3 out of 5 stars

Good Hunting (To Kill a King Book 1) by Storm Rose


The writing in this short story prequel is absolutely spectacular. If I rated it solely on that it would be 5 stars, and I would certainly read more books written by this author. This tale however was a little weird for me and didn’t exactly leave me wanting to read the next book of the series. In the beginning we see this King hunting wild boar and he is taking such sadistic pleasure in the animal’s pain and death that it made me think he was a total psychopath that was going to see get his karmic returns in the end. Boy was I wrong.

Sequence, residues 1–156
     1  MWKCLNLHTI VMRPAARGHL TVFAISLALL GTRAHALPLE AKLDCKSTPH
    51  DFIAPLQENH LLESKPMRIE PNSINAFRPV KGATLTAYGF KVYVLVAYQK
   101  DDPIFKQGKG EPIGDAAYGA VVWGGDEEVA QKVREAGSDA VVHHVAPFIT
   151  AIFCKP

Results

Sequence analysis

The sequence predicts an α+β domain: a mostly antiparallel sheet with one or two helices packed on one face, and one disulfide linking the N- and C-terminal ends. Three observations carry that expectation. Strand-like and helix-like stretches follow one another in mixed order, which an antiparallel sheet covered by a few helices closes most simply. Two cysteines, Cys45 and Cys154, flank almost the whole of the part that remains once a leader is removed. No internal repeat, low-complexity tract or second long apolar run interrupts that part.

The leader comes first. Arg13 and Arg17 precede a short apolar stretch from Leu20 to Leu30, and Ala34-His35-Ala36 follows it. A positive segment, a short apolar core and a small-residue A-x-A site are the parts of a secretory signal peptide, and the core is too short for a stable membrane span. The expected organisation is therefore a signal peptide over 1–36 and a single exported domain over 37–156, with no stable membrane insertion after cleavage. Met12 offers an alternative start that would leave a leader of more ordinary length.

I enjoyed the time period and fantasy setting and the lore of the old gods. I loved the description of the Goddess, I thought she was beautiful in such a unique way. However, the story really took a confusing u-turn upon her arrival. The king goes from declaring only devotion to the one God and threatening the Goddess to completely switching into worship mode like a light switch. His change of heart was so random and his devotion remained wishy-washy throughout the story. Unlike the usual god to mortal dynamic that we are used to, she acted almost inferior to him and in return he acted ungrateful for her blessings. It didn’t seem very realistic. If someone was giving me my hearts deepest desire I would treat them like gold. The King was so unlikable and yet got everything he wanted by doing the bare minimum to get it. The ending was abrupt and seemed too happy and devoid of consequences for past actions. I suppose it leads into more story but it didn’t hook me like I expected it to and I found the characters either unlikable or just neutral and I don’t care to read what happens to them next. The character that I imagine the next book will about is almost too perfect in theory for me to see the appeal of wanting to read about them. I can only speculate what the next book would be about because the conclusion of this one didn’t give anything away and I may or may not read it depending on what the blurb ends up looking like.